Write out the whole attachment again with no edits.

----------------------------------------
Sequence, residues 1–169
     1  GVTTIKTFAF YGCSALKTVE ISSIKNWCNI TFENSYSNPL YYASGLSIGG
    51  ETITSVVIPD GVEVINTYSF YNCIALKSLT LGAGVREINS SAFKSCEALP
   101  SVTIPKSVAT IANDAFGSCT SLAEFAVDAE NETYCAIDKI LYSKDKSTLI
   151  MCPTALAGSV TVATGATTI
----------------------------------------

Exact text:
Sequence, residues 1–169
     1  GVTTIKTFAF YGCSALKTVE ISSIKNWCNI TFENSYSNPL YYASGLSIGG
    51  ETITSVVIPD GVEVINTYSF YNCIALKSLT LGAGVREINS SAFKSCEALP
   101  SVTIPKSVAT IANDAFGSCT SLAEFAVDAE NETYCAIDKI LYSKDKSTLI
   151  MCPTALAGSV TVATGATTI